In the Internet Addiction Scale (ISS) the patient group scored significantly higher (p ≤ 0.01) than the control group (see table 3). The BIS also revealed a significant difference (p ≤ 0.01) in the level of impulsivity between patients and controls, however, there was no significant correlation within the patient group between ISS and BIS. In all three psychometric tests measuring variables that are linked to identity (DES, SOC) and interpersonality (IIP) patients scored significantly more pathological (p ≤ 0.01) than controls.


In all global parameters of the SCL-90R indicating a general level of psychopathological burden, patients scored significantly higher (p ≤ 0.01) than controls, confirming that the study subjects really suffered from a clinically relevant psychopathology. Patients scored significantly higher (p ≤ 0.001) in 7 of the 9 Subscales of the SCL-90R, i.e. compulsivity, insecurity, depression, aggression, phobia, paranoia and psychosis, with the subscale for depression revealing the highest score in the patient group and the strongest significant difference to the control group. According to the BDI 20 of 25 patients (80%) suffered from a depressive syndrome. Within the clinical examination and in SCID I those 20 patients revealed a disorder with mainly depressive syptomatology (see figure 1).


Six patients (24.0%) suffered from a comorbid anxiety disorder. Two patients (8.0%) had a history of substance abuse, but none of the patients were acutely ill in that respect. According to clinical examination and SCID 2 testing, nine patients (36.0%) had a comorbid personality disorder, eleven patients (44.0%) an accentuated personality structure, with personality types from cluster B (dramatic-eccentric) dominant in 14 cases (56.0%).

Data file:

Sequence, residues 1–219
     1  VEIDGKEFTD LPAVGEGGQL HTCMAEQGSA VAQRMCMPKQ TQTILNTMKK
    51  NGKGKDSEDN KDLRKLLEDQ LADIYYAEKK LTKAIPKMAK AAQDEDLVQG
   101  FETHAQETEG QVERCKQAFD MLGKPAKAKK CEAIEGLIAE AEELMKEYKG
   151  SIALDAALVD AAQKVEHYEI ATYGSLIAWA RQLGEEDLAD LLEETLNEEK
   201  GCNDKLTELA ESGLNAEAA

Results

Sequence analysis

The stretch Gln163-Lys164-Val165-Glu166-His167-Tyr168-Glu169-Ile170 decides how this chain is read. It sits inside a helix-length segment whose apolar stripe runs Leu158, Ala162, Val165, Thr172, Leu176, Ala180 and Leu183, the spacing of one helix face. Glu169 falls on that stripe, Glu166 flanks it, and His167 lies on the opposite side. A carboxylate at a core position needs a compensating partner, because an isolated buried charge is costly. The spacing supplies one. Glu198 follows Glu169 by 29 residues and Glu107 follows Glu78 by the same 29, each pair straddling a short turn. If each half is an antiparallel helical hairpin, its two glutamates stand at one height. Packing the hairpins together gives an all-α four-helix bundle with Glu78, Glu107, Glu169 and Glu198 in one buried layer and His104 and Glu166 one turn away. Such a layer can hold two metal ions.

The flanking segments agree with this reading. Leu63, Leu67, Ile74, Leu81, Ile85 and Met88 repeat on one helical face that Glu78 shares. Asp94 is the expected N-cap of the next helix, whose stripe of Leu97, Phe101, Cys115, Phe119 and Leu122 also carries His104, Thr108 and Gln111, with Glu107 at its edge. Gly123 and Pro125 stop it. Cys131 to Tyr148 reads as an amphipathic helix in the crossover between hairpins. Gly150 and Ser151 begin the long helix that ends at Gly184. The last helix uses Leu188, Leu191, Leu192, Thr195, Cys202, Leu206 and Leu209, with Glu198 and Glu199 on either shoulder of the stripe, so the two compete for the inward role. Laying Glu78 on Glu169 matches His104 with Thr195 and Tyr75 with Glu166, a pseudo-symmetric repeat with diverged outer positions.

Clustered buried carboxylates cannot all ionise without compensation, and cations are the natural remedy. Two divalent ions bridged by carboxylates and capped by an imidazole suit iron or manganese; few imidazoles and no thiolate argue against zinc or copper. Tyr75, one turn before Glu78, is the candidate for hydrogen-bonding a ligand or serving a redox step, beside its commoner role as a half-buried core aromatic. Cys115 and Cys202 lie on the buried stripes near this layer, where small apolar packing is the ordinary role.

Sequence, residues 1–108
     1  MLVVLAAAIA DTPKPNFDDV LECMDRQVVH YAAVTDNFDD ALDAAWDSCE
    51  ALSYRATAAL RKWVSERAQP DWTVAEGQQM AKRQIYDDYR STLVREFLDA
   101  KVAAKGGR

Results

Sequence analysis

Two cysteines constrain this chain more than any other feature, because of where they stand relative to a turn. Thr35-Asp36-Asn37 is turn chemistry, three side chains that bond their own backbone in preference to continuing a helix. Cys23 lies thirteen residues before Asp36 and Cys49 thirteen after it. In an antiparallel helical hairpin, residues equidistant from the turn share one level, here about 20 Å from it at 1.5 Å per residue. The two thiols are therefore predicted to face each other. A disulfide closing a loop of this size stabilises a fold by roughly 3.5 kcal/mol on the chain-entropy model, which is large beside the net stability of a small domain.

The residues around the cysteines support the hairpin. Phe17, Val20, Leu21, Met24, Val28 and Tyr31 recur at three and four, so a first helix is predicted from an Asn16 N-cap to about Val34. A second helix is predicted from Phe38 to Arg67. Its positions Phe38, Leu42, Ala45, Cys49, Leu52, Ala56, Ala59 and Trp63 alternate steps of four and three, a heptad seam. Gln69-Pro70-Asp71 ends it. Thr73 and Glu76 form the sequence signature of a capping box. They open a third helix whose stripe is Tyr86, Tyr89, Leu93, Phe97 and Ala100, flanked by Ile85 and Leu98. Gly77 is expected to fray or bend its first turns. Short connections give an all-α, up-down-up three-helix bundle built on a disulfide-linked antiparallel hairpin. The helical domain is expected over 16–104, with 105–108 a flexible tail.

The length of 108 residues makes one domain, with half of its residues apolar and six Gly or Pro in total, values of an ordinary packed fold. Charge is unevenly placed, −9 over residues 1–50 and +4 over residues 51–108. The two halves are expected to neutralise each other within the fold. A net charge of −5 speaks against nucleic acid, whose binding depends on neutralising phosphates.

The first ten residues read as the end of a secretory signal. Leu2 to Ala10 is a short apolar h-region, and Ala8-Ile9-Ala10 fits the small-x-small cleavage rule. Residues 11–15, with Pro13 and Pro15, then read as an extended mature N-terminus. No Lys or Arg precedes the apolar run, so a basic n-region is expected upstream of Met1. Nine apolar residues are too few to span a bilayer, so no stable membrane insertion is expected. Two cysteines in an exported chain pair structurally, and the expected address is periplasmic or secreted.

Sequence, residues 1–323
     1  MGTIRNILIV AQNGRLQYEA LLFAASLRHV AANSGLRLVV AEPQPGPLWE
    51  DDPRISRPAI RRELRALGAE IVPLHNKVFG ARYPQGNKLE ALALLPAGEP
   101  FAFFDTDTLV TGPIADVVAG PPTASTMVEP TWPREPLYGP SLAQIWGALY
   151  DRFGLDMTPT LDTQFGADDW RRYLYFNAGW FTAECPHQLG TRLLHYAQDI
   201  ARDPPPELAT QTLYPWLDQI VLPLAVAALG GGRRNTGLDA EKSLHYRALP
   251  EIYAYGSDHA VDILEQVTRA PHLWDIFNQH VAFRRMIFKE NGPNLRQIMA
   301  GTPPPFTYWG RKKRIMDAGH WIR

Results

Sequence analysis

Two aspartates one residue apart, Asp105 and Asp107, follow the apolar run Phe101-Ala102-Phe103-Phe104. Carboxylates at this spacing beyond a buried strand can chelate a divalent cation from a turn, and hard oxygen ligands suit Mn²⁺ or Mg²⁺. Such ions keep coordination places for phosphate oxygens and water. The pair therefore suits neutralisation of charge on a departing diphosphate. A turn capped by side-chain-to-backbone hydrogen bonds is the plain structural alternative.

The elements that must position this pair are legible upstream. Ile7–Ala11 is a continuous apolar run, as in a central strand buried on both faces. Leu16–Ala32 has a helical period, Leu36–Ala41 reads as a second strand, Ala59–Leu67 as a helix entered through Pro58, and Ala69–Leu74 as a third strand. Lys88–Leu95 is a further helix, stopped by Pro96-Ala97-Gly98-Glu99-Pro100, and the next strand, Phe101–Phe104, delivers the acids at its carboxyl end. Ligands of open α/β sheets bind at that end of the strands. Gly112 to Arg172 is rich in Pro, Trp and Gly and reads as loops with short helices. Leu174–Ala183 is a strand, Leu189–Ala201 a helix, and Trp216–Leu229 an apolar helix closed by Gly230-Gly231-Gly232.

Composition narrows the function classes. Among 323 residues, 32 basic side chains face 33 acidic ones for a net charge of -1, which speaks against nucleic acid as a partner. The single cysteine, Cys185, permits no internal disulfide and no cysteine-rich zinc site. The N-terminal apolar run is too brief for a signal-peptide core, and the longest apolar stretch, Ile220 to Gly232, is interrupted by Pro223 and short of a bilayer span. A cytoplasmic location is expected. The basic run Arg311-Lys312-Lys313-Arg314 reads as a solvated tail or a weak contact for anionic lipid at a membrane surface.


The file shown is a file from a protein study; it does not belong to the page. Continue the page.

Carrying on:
The presented study´s cross-sectional design prohibits the deduction of causal relations between pathological Internet use (PIU) and comorbid psychopathology. Its interpretability is also limited by its small sample size. Another small German study by Kratzer and Hegerl33 identified relevant comorbid psychiatric pathology in 90% of 30 PIU-patients, also mostly depressive, anxiety and personality disorders. However, as opposed to the used computerized Munich Composite International Diagnostic Interview (MCIDI) by Wittchen and Pfister34 our study differs with its clinical in depth approach by using psychometric testing, plus a combination of clinical anamnesis and interviewing (SKID), which unfortunately raises the likelihood of an examiner´s bias.

According to the vast majority of studies, the average patient presenting with PIU is a young male, failing to grow into a mature adult with complete school education and professional training, financial independency and healthy relationships. Being narcissistically hurt or sociophobically intimidated he has withdrawn himself from real life and escapes into a virtual parallel world, mostly to alleviate his lack of self-esteem and self-confidence by playing the hero he could not be in real life. The presented data however cannot explain, whether a manifest depression or anxiety disorder in this context is to be viewed as cause or effect of PIU, as opposed to personality disorders who are most likely preexisting. As a first conclusion, the high amount of psychiatric comorbidity, which has been confirmed by other studies33-35, and the significant level of clinical distress as measured by the global SCL-90-R-scales underline the presumption, that the examined individuals with PIU did suffer from a clinically relevant psychopathology.